4:2:0-8bit > 4:2:0-10bit > 4:2:0-16bit > 4:2:2-16bit > 4:2:2-10bit > 4:2:2-8bit > RGB-8bit > RGB-16bit > 4:4:4-16bit > 4:4:4-10bit > 4:4:4-8bit
For 10-bit 4:2:0 input, tMod prefers
4:2:0-10bit > 4:2:0-16bit > RGB-16bit > 4:4:4-16bit > 4:4:4-10bit > RGB-8bit > 4:4:4-8bit > 4:2:0-8bit > 4:2:2-16bit > 4:2:2-10bit > 4:2:2-8bit, instead of official
4:2:0-10bit > 4:2:0-16bit > 4:2:0-8bit > 4:2:2-16bit > 4:2:2-10bit > 4:2:2-8bit > RGB-8bit > RGB-16bit > 4:4:4-16bit > 4:4:4-10bit > 4:4:4-8bit
The rules are changed for all 4:2:0, 4:2:2 and 4:4:4 input colorspaces. The key principal is to use as few chroma-subsampling and YUV<->RGB conversion as possible (this takes YUV->RGB conversion into account), and always prefers highest bit-depth when conversion is needed.

Anyway, if you use madVR, this change is never useful. But if you are using EVR or some renderers that do not support high bit-depth input, this change gives you a way to prefer NV12/YV12 for 4:2:0 8-bit input, while use RGB32 for 4:2:0 10-bit input, which avoids yuv420p10->yuv420p8->RGB chains, but only do yuv420p10->RGB conversion once. The best quality is always preserved. But if you’re using an old machine that cannot handle RGB32 before the renderer, you may want to untick RGB32 box in output colorspace, which actually you should also do in vanilla builds.

5. Some colorspace conversion inside LAV Video does not have custom optimization and uses libswscale routine. I changed the prefered kernel from Bilinear to Bicubic, which has a better quality.

6. The priority of ALAC was raised in the selection of audio stream based on quality for it’s a lossless codec.

7. YV16 output colorspace is added. Actually it has been in LAV Video for a long time, but was hidden for future use. However madVR can deal with it with no pain….

8. Changes from MPC-HC, like exhibiting Matroska attachments through DSM resource bag API, so you can view them in MPC-HC/MPC-BE.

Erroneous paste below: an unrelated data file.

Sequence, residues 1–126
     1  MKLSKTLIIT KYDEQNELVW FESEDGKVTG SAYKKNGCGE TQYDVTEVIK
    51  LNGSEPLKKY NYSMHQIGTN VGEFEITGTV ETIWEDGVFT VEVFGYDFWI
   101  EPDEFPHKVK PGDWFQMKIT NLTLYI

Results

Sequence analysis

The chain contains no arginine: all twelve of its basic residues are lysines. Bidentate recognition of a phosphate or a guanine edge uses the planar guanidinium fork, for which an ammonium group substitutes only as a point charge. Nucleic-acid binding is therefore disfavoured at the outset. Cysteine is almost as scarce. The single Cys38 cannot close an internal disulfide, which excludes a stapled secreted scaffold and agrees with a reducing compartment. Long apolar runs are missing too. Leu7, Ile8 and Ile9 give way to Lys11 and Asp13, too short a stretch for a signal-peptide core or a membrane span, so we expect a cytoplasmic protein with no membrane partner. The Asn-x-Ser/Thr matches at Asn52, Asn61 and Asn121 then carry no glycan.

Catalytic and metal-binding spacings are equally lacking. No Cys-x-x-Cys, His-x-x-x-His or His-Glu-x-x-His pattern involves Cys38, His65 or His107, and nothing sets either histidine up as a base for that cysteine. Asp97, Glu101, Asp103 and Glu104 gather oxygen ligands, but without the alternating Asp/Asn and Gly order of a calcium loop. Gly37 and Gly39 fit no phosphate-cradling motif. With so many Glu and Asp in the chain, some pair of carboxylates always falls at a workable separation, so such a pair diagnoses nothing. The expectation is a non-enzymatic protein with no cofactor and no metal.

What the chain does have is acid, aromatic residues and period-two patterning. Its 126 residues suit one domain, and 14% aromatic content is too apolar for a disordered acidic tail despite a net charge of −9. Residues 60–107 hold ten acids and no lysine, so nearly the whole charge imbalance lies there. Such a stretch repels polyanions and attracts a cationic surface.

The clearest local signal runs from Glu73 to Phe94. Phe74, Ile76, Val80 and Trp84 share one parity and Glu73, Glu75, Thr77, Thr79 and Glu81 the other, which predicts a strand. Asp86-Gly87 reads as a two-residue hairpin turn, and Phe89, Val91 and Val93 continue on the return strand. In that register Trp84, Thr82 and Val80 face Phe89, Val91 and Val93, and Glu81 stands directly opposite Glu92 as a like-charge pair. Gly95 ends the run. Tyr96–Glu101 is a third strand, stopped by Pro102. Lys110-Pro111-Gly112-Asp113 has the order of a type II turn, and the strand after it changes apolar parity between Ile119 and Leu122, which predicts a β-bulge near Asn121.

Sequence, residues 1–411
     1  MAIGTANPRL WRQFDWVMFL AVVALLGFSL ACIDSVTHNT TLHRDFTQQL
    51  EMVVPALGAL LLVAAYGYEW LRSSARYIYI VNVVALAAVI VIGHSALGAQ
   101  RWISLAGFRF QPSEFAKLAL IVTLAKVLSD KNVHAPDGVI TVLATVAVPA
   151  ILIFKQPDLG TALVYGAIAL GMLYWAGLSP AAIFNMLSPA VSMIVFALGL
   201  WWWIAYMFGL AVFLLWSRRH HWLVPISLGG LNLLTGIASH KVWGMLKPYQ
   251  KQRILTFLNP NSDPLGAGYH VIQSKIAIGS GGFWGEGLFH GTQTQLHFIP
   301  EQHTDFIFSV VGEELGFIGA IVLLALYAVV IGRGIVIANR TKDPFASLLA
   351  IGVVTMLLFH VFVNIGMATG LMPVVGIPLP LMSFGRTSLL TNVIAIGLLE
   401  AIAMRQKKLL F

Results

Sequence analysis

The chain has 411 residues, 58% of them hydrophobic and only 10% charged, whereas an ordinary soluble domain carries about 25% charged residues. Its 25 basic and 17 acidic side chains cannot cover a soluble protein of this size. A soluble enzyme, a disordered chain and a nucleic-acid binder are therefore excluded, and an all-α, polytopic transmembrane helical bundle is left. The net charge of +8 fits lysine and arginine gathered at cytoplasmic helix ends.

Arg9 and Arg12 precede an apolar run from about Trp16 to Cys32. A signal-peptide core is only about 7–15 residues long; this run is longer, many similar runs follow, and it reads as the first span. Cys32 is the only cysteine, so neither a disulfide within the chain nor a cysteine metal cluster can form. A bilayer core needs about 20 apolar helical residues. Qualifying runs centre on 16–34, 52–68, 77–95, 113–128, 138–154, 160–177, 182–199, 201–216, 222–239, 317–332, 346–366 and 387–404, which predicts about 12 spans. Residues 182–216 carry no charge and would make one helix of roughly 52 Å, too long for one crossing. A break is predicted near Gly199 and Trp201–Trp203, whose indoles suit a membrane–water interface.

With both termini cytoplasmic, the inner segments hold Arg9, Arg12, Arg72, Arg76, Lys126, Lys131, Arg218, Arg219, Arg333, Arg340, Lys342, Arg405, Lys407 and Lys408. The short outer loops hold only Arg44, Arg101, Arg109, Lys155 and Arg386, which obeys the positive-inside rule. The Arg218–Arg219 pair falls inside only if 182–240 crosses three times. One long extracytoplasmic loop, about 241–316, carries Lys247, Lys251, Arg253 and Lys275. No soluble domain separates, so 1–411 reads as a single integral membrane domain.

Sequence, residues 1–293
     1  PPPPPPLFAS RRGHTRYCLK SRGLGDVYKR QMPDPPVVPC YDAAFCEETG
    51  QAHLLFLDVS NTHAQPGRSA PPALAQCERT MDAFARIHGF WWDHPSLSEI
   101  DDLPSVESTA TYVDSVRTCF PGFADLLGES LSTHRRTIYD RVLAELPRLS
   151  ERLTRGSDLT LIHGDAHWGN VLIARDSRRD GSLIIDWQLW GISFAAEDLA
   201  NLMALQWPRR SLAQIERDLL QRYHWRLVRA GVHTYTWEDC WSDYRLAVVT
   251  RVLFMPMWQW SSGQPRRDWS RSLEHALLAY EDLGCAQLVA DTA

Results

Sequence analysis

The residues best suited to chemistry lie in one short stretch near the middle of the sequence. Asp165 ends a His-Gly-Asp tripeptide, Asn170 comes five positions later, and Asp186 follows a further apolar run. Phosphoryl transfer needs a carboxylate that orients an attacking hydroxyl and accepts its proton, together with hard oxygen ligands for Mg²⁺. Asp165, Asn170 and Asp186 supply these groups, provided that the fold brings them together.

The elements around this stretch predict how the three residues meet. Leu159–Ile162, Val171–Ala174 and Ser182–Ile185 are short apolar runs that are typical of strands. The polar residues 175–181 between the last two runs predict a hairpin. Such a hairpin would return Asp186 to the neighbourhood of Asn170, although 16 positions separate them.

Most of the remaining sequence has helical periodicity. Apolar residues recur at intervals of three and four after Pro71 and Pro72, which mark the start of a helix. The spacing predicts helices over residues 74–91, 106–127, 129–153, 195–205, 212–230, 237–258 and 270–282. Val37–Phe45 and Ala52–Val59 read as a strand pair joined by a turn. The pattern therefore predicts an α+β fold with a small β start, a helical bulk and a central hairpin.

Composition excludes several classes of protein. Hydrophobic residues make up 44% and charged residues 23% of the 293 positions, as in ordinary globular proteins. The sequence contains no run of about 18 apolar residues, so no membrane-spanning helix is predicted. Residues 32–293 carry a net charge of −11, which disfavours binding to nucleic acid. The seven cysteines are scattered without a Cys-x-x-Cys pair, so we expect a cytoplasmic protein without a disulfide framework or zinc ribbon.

9. For some reason one Matroska file may contain only one hidden edition, but the chapter is not hidden. Vanilla builds shows the non-hidden chapter, but tMod hidden them. I do this because when the only hidden edition is used, everything in the edition section should be hidden, except for the video/audio/subtitles streams. I usually use a hidden edition with chapters to regenerate the long looping Menu Video of Blu-ray Discs. The chapter is invisible but accessible, but one do not need to read the edition info. And this is what I understand from Matroska specs.

10. Some other minor changes that does not affect end users.

Categories: Uncategorized

avs4x26x 0.10.0 ( x265, AviSynth+, x64, DGSourceIM, etc. )

28th August 2014, Thursday 10 comments

After the silence of nearly one year.

Download links ( source codes are here): avs4x26x


Changelog since 0.9.1:

1. Fix automatically invoking Source Filter for media input files with AviSynth+, using the same patch from BugMaster for x264.

2. Support x265, x264 and x262. That is why we change the name from avs4x264 to avs4x26x. Actually avs4x264mod already supports x265 by simply using --x264-binary, but now if your output file is *.265/*.h265/*.hevc, avs4x26x will launch “x265.exe” even without --x26x-binary or -L. Still, “x264_64” for other output for backward compatibility.